After the thermal processing treatment, the vegetables are suitably drained thoroughly, for example, in a strainer and afterwards dried, for example, by air drying. Afterwards, the vegetables may be added to or mixed in dishes or salads containing acidic sauces which may contain ingredients such as sour cream or mayonnaise.
The processed vegetables, either before or after mixing with other dishes or salads, may then be refrigerated at a temperature from 0° to 12° C., more usually from 2° to 10° C. and especially from 4° to 8° C.
The vegetables processed in this manner can retain their colour and microbial stability at pH 5 to 6 for 10 to 17 days when stored at refrigeration temperatures e.g. 4° C. to 8° C. They have a very desirable crisp texture.
The following Examples further illustrate the present invention.
Celery was cut into pieces 1-2 cm long and washed with water under agitation. The washing water was removed and the celery pieces were washed again with fresh water which was afterwards removed.
The celery pieces were then dipped in water containing 1000 ppm of hydrogen peroxide for 15 minutes and then heated at 60° C. for 3 minutes. Afterwards, the celery pieces were drained thoroughly in a strainer and air dried.
The celery pieces were stored at 4°-8° C. in a refrigerator at pH 5.5 for 20 days and after this time they had retained their attractive green colour, had a very desirable crisp texture, and were microbiologically stable.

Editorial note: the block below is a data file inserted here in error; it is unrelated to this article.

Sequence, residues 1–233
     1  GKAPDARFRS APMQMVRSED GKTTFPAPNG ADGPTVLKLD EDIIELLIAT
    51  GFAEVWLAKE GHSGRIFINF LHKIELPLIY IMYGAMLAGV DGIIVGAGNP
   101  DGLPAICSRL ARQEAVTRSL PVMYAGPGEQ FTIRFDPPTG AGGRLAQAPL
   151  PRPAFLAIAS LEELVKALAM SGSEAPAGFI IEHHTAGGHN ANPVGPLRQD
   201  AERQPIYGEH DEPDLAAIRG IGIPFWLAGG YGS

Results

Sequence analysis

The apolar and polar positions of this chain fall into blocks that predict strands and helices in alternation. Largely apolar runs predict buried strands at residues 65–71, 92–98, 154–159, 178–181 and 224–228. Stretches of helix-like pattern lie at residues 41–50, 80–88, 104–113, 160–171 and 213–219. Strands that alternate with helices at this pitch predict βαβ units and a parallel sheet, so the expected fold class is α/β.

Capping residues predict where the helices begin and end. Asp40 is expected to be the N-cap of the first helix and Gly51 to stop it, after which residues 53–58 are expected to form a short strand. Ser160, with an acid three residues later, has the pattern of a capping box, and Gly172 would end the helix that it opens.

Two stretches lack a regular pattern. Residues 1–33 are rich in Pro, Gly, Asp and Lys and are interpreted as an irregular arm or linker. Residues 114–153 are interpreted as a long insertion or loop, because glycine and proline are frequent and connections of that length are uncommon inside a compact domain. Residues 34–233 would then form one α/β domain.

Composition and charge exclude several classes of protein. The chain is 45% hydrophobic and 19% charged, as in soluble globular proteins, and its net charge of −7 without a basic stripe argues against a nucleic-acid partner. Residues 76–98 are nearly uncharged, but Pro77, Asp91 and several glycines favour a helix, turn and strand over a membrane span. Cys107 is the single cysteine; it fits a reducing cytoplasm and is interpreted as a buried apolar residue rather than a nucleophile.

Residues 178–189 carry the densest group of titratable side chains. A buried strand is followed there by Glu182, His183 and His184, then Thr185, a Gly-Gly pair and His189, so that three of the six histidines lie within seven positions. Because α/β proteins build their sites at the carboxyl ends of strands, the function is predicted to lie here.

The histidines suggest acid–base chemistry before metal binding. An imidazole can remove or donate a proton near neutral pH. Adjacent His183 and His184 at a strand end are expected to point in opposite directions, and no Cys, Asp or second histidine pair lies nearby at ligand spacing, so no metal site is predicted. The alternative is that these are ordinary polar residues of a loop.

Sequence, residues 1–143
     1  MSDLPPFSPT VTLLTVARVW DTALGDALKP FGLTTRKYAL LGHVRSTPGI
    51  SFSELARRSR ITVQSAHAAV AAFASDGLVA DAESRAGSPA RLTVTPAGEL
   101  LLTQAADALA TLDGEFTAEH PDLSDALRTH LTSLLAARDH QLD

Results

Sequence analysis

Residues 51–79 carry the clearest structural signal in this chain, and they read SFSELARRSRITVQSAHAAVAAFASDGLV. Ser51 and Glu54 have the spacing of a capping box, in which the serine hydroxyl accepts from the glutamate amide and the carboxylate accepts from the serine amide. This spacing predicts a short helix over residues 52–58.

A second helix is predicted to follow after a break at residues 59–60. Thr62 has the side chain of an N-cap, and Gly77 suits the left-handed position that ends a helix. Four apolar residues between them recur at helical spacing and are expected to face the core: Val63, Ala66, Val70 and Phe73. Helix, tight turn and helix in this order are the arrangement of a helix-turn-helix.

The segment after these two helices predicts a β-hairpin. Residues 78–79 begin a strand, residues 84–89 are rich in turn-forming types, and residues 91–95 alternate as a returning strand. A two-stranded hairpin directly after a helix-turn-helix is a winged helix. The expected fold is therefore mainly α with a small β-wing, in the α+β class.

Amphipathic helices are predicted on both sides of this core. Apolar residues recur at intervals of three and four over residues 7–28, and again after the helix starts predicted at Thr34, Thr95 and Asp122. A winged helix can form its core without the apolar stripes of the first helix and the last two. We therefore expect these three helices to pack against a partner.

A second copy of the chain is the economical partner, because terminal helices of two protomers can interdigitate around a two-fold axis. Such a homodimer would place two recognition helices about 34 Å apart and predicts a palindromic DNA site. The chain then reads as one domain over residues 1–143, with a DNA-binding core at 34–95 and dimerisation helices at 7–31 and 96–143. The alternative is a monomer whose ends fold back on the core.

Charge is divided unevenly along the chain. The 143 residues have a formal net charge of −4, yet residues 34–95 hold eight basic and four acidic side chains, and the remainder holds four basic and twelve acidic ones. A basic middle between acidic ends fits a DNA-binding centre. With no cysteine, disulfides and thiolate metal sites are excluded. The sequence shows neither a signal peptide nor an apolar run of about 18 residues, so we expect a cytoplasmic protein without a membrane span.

A similar procedure to that described in Example 1 was followed except that the celery pieces were heated at 75° C. After storage under the same conditions, the green colour had faded.
Green beans were washed in clean water to remove visual dirt etc. and then cut into 1-3 cm lengths. The cut vegetables were washed in clean water, the water was removed and then the cut vegetables were heated in fresh water at 60° C. for 3 minutes and afterwards drained. The drained vegetables were placed in a salad dressing and stored at 4°-8° C. for 3 weeks after which time they had retained their attractive green colour.
A similar procedure to that described in Example 2 was followed except that the cut beans were heated at 100° C. for 1 minute. After storage under the same conditions, the bean pieces became olive brown in colour within 3 days.
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|U.S. Classification||426/270, 426/335, 426/520, 426/615|
|International Classification||A23B7/154, A23B7/05, A23B7/06, A23B7/157, A23B7/10, A23B7/022|
|Cooperative Classification||A23B7/022, A23B7/10, A23B7/157, A23B7/154, A23B7/05, A23B7/06|
|European Classification||A23B7/10, A23B7/154, A23B7/022, A23B7/157, A23B7/06, A23B7/05|
|Oct 22, 1987||AS||Assignment|
Owner name: NESTEC S.A., AVENUE NESTLE 55, VEVEY, SWITZERLAND,
Free format text: ASSIGNMENT OF ASSIGNORS INTEREST.;ASSIGNORS:KRATKY, ZDENEK;VADEHRA, DHARAM V.;REEL/FRAME:004782/0022
Effective date: 19871022
Owner name: NESTEC S.A., A CORP. OF SWISS,SWITZERLAND
Free format text: ASSIGNMENT OF ASSIGNORS INTEREST;ASSIGNORS:KRATKY, ZDENEK;VADEHRA, DHARAM V.;REEL/FRAME:004782/0022
Effective date: 19871022
|Sep 5, 1989||CC||Certificate of correction|
|Aug 28, 1992||FPAY||Fee payment|
Year of fee payment: 4
|Aug 27, 1996||FPAY||Fee payment|
Year of fee payment: 8
|Aug 28, 2000||FPAY||Fee payment|
Year of fee payment: 12